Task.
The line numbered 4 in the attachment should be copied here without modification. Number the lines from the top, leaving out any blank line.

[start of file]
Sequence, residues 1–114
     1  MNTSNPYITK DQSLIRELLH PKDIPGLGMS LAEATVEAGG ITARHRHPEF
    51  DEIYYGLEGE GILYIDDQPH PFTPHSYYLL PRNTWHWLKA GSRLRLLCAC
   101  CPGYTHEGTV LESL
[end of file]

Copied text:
   101  CPGYTHEGTV LESL